Mike Synar, 45, the brash, bright and buoyant Oklahoman who represented the people of his state's 2nd District in the U.S. House of Representatives for eight terms before losing the Democratic primary for renomination in 1994, died of brain cancer Jan. 9 at his home in Washington. The cancer had been diagnosed in July 1995.

Mr. Synar, a lawyer, rancher and real estate broker from a prominent ranching family in conservative northeast Oklahoma, was first elected to the House in 1978.

During his years in Congress, he vigorously supported campaign finance reform, stricter gun control and environmental legislation. He also voted for higher grazing fees for cattle on public lands, and he seemed to find himself in opposition to the tobacco industry, ranchers and the gun lobbies.

In the 99th Congress, Mr. Synar led the House opposition to the Gramm-Rudman plan to reduce the budget deficit, a measure favored by conservatives and thought to be immensely popular in a district such as his. After losing the fight in Congress, Mr. Synar helped start legal challenges to the plan, which helped lead to a portion of the law being declared unconstitutional.

His stands were thought to be anathema to his conservative constituents, but they continued to back Mr. Synar until 1994. That year, he was upset in a primary runoff by a retired teacher, who went on to lose to Republican Tom Coburn, an obstetrician, in the general election.

But it seemed that Mr. Synar relished the good fight and never regretted a single vote. "If you don't like fighting fires, don't be a fireman. . . . And if you don't like voting, don't be a congressman," he once said.

In accepting the 1995 Profile in Courage Award from the John F. Kennedy Library, he said, "I believe that to be courageous is to be guided by your own internal compass, rather than popular decisions and the madness of crowds."

By his last term in office, he had become chairman of the Democratic Study Group, the party's liberal think tank. He also had become chairman of the environment, energy and natural resources subcommittee of the Government Operations Committee. He also ranked in the top third of the Judiciary Committee and the powerful Energy and Commerce Committee.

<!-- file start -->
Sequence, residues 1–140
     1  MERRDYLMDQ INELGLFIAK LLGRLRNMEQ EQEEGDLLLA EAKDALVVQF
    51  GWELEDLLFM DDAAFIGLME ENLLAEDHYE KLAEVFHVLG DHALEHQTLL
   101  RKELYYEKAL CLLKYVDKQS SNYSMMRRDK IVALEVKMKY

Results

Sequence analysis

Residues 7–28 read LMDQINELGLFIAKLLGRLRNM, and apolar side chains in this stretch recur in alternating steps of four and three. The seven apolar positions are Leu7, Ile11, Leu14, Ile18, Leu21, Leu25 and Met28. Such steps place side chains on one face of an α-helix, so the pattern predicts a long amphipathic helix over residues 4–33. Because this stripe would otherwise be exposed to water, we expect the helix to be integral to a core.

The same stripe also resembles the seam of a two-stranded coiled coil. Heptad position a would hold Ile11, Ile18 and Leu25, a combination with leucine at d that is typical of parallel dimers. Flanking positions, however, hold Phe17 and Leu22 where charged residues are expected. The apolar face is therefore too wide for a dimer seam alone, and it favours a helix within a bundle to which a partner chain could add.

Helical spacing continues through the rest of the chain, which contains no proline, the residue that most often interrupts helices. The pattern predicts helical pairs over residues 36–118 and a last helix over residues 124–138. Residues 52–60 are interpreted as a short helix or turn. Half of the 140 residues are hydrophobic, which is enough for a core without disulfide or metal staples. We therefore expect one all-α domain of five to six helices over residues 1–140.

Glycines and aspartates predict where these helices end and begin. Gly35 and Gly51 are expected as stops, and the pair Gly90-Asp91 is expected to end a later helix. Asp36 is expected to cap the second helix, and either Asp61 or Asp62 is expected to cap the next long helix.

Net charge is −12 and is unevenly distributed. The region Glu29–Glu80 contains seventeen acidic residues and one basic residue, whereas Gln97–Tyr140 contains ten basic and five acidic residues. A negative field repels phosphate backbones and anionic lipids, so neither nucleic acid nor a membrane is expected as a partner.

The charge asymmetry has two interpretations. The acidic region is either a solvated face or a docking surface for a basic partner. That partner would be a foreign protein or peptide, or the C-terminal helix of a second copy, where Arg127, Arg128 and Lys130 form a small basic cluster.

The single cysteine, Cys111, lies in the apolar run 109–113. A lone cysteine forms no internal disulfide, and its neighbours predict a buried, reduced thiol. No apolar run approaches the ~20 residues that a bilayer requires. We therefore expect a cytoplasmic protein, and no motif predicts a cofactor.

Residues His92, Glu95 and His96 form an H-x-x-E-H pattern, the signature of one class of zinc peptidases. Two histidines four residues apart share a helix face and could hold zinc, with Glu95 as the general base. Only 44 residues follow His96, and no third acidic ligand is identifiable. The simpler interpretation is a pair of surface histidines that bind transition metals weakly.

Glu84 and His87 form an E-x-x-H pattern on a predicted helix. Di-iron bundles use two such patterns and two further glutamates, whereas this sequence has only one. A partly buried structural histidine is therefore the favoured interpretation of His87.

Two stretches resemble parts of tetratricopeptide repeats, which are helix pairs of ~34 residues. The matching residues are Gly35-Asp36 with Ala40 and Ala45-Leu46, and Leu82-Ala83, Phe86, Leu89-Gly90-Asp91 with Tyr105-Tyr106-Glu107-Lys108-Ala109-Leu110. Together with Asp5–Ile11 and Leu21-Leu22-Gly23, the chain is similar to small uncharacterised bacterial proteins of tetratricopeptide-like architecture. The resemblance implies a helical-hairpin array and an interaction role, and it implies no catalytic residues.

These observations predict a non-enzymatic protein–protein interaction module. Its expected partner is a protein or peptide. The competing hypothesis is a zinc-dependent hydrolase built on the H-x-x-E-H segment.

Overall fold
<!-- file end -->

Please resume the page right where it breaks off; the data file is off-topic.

Facing little opposition in the 1992 general election, he spent time that year helping to coach then-candidate Bill Clinton for the upcoming presidential debates. Mr. Synar played the part of Ross Perot in mock debates.

After learning of his death, the president said: "Mike Synar was a brave and unflinching public servant who in tough political times remained true to his principles. He did not always do what was popular, but he always did what he thought was right -- for Oklahoma and for America. Throughout his life, and especially during the past six months, Mike Synar was a true profile in courage."

Sen. Don Nickles (R-Okla.) said in a statement that Mr. Synar was "an energetic congressman with very strong convictions who had a significant impact on national politics."

Mr. Synar was born in Vinita, Okla., into a family that the All-American Family Institute selected as the "Outstanding Family" in the United States in 1971. The young Mr. Synar became a two-time national 4-H champion. He was a 1972 business administration graduate of the University of Oklahoma and a 1977 graduate of its law school. He also received a master's degree from Northwestern University and studied at the University of Edinburgh in Scotland.

Only a year after settling in Muskogee, Okla., he defeated the incumbent congressman, Ted Risenhoover, in the Democratic primary.

Mr. Synar was ambassador-designate of the International Telecommunications Union. Also since leaving Congress, he had chaired the U.S. Bankruptcy Review Commission and been chairman of the Campaign for America Project, a nonprofit organization devoted to campaign finance reform.

Survivors include his father, a brother and a sister. CAPTION: MIKE SYNAR